The inability of Ott1-deleted BM to engraft even within a 2-week period indicates functional defects within both ST- and LT-HSCs. The HSC competitive defect remains despite Ott1 excision after transplantation in a WT recipient, establishing that the HSC requirement for Ott1 is cell autonomous and excluding a homing defect as the etiologic mechanism. Under homeostatic conditions and in the absence of competitor, HSCs lacking Ott1 are able to maintain normal immunophenotypic HSC populations and peripheral blood counts for at least 18 months. No steady-state changes in HSC proliferation, apoptosis, or senescence were observed after Ott1 excision, which might contribute to the defect. However, when 5-FU was used to induce replicative stress in Ott1-deficient mice, the animals had delayed neutrophil recovery and BM failure with repeated doses. The discrepancy between Ott1 dependency in competition or after 5-FU treatment but not during steady-state hematopoiesis argues for a specific requirement in stress hematopoiesis.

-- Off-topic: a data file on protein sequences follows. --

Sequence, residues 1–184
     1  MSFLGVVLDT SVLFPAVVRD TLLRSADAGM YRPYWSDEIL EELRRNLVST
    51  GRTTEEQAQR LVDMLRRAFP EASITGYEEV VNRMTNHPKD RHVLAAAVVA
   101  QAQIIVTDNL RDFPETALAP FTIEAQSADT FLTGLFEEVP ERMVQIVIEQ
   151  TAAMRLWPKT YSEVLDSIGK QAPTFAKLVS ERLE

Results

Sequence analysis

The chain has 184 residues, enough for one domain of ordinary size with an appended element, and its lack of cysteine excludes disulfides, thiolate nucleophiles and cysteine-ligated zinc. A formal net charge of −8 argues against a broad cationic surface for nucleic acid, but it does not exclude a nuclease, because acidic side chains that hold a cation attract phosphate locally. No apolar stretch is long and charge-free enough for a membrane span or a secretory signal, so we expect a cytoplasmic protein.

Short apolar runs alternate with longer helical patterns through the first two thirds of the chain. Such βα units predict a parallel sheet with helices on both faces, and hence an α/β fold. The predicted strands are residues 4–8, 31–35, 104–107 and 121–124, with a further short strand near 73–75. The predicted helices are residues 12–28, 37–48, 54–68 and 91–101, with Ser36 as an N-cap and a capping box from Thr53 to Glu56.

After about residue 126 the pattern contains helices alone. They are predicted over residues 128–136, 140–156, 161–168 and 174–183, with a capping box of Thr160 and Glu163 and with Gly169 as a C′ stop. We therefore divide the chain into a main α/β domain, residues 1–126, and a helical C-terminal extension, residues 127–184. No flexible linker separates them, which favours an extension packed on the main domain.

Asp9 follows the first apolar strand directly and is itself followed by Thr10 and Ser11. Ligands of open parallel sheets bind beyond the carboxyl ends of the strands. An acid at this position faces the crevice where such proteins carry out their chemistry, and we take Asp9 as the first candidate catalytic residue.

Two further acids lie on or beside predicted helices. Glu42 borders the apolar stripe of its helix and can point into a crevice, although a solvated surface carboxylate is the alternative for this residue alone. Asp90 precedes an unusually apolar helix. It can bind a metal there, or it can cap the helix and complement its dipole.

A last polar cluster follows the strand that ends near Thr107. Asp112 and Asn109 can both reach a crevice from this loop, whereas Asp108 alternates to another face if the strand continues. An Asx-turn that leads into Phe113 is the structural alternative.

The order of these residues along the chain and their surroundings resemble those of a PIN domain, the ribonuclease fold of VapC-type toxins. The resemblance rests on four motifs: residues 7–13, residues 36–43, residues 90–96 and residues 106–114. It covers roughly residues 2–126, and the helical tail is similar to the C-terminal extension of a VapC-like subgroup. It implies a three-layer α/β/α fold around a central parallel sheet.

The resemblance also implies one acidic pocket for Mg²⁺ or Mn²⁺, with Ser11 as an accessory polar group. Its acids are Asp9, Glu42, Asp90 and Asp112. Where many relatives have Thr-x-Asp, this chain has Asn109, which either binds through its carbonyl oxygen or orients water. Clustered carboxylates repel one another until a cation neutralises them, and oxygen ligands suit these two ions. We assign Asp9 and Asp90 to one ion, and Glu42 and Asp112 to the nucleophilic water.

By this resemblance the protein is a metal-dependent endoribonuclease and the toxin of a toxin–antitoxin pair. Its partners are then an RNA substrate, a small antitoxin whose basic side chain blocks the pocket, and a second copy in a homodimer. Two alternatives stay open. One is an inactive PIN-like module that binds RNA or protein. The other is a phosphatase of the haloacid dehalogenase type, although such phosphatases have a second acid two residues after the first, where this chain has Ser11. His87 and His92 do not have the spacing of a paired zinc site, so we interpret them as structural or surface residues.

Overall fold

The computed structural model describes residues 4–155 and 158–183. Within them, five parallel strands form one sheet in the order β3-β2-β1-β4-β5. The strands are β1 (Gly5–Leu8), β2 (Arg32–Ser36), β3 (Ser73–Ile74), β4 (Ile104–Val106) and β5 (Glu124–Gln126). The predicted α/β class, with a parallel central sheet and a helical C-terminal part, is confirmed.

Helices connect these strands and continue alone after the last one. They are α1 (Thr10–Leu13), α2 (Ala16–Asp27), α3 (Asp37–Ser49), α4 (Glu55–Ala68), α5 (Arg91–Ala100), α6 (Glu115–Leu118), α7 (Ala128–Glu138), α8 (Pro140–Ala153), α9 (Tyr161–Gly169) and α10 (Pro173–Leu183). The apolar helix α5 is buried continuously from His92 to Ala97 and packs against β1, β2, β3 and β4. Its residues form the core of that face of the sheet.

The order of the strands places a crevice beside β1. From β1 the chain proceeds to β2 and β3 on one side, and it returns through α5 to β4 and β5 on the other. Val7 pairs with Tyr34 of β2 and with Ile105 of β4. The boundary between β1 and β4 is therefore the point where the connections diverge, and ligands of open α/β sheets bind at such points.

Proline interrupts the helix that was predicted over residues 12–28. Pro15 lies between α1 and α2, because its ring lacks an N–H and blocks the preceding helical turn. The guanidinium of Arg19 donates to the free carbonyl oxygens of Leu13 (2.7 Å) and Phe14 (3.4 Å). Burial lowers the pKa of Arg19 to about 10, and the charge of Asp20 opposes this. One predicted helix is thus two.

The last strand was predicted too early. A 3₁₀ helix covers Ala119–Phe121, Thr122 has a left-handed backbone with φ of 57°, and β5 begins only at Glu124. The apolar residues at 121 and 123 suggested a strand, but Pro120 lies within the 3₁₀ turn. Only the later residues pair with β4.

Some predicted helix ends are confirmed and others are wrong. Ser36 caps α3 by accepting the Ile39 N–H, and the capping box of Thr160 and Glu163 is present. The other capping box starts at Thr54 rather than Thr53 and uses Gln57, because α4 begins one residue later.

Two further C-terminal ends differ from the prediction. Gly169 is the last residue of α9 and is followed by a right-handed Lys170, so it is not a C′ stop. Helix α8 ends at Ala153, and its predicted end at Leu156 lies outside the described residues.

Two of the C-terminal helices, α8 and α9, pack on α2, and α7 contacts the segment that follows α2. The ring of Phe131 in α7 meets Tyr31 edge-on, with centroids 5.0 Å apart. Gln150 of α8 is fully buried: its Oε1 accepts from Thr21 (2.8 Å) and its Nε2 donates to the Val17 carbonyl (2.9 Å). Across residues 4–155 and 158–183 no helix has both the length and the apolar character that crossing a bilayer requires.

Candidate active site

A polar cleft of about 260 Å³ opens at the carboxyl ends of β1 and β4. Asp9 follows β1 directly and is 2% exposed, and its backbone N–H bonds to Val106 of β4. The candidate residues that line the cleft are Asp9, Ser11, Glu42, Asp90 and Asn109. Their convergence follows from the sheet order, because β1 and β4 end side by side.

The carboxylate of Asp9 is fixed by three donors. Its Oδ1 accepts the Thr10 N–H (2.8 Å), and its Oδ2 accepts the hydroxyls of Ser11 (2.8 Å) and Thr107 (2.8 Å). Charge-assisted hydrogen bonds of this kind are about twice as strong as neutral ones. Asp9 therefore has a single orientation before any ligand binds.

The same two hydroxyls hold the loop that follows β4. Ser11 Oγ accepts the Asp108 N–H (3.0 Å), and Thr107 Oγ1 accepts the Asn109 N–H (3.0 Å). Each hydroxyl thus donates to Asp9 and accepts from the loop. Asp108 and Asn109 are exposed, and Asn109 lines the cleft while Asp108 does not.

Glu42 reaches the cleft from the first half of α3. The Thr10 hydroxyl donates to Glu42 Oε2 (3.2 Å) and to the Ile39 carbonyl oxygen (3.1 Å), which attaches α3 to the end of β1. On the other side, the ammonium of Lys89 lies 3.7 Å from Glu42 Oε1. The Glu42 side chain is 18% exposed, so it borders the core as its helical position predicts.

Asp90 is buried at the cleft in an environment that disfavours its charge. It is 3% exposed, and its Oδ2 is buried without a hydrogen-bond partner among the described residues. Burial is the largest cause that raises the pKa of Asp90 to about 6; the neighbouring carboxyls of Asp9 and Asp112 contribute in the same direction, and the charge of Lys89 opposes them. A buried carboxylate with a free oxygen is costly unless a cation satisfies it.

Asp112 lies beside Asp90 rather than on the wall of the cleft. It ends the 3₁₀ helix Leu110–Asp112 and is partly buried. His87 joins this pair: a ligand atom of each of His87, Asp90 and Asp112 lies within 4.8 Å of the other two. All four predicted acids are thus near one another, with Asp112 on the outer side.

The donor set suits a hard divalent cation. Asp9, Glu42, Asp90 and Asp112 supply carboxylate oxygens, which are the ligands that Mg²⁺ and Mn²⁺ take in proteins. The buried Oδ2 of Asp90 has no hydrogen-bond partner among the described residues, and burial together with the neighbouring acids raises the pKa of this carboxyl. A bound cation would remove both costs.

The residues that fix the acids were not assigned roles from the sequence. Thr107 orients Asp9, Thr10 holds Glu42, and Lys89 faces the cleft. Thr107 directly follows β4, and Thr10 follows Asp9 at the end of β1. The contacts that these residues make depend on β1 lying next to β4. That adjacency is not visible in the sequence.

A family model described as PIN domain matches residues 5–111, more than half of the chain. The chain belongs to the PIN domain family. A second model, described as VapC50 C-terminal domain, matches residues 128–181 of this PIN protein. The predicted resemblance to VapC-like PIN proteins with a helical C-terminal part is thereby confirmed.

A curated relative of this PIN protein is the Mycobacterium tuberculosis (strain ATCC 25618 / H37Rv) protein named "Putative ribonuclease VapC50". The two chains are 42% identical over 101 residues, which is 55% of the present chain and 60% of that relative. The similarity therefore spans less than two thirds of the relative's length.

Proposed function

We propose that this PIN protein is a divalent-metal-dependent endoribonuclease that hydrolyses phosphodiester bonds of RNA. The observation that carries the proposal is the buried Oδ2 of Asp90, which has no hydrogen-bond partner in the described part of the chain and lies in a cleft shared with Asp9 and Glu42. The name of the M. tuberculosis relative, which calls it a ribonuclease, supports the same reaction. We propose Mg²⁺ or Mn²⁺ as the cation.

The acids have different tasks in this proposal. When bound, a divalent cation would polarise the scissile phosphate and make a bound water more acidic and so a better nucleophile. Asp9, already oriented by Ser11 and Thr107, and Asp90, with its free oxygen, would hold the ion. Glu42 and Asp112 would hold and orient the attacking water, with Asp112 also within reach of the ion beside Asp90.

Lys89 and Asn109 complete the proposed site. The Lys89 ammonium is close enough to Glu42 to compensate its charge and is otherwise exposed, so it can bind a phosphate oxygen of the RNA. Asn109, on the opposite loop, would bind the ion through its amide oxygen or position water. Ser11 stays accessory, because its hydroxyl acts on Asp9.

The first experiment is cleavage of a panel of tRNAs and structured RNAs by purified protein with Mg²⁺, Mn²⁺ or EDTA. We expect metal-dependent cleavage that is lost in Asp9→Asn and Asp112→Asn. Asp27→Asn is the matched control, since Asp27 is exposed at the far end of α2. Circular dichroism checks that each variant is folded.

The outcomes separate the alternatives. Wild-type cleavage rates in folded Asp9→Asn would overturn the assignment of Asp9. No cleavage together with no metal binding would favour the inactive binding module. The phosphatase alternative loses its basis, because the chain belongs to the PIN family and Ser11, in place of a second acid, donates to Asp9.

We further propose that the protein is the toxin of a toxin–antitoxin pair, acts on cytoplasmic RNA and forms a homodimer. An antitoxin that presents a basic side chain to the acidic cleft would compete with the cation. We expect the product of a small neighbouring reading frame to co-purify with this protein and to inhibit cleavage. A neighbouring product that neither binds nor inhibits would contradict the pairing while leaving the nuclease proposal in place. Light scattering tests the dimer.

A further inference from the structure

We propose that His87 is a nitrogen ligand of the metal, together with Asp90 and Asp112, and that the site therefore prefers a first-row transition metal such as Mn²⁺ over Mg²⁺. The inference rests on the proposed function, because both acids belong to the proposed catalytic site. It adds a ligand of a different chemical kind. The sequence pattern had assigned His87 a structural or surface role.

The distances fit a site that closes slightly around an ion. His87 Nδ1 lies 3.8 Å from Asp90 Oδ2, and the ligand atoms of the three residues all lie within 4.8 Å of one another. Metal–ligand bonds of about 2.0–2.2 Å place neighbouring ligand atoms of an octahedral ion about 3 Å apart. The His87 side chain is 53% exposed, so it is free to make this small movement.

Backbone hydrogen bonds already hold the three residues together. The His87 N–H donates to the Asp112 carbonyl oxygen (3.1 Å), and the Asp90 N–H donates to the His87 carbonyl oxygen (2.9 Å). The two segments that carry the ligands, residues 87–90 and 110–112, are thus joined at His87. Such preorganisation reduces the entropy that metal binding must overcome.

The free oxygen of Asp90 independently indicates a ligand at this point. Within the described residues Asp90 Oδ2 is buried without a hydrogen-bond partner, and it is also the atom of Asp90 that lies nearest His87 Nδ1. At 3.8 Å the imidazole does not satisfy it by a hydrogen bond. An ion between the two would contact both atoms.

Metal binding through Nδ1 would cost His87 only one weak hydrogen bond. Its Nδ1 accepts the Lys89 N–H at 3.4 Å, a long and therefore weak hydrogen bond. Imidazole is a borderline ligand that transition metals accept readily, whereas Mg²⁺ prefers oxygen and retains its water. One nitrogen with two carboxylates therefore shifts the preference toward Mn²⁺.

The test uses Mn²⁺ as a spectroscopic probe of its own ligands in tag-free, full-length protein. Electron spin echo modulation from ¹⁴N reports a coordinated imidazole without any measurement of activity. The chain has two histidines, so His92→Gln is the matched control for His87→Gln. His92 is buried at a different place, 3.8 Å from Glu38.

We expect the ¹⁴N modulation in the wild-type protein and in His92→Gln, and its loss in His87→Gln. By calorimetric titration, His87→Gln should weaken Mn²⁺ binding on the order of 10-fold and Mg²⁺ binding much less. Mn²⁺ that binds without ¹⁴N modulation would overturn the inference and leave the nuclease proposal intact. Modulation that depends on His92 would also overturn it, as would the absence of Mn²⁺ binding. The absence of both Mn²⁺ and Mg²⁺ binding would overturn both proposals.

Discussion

Cell-cycle analysis of 5-FU–treated mice revealed a dramatic loss of the G0 HSC population in the absence of Ott1. Several genes have been found to regulate HSC quiescence during replicative stress, including p21Cip and Foxo3; however, their deletion affects steady-state cell-cycle kinetics and HSC numbers as well.19,41 A smaller subset of genes have been identified, which are required for HSC quiescence during stress hematopoiesis, yet their absence does not also reduce quiescence in homeostatic cells. Among these are Hypoxia inducible factor-1α (HIF1α), Thioredoxin interacting protein (Txnip), and Retinoblastoma (Rb).42-44 A common feature of these genes is their involvement in the modulation and response to ROS. Levels of ROS in LT-HSCs are relatively low in part because of the low oxygen tension of the osteoblast niche, overall metabolic state, and ROS scavenger systems.37 Although Ott1-deleted HSCs have high levels of ROS, NAC treatment does not rescue the HSC defect. Furthermore, in contrast to the Atm, FoxO3a, and Bmi1 knockout models, Ott1-deficient HSCs do not show increased steady-state apoptosis, senescence, or abnormal proliferation. Activation of p38Mapk was shown to be the primary mediator of ROS-induced self-renewal defects in HSCs.38 Although p38Mapk is activated in Ott1-deleted HSCs, the physiologic consequences are not apparent, suggesting a requirement for Ott1 in p38Mapk downstream pathways.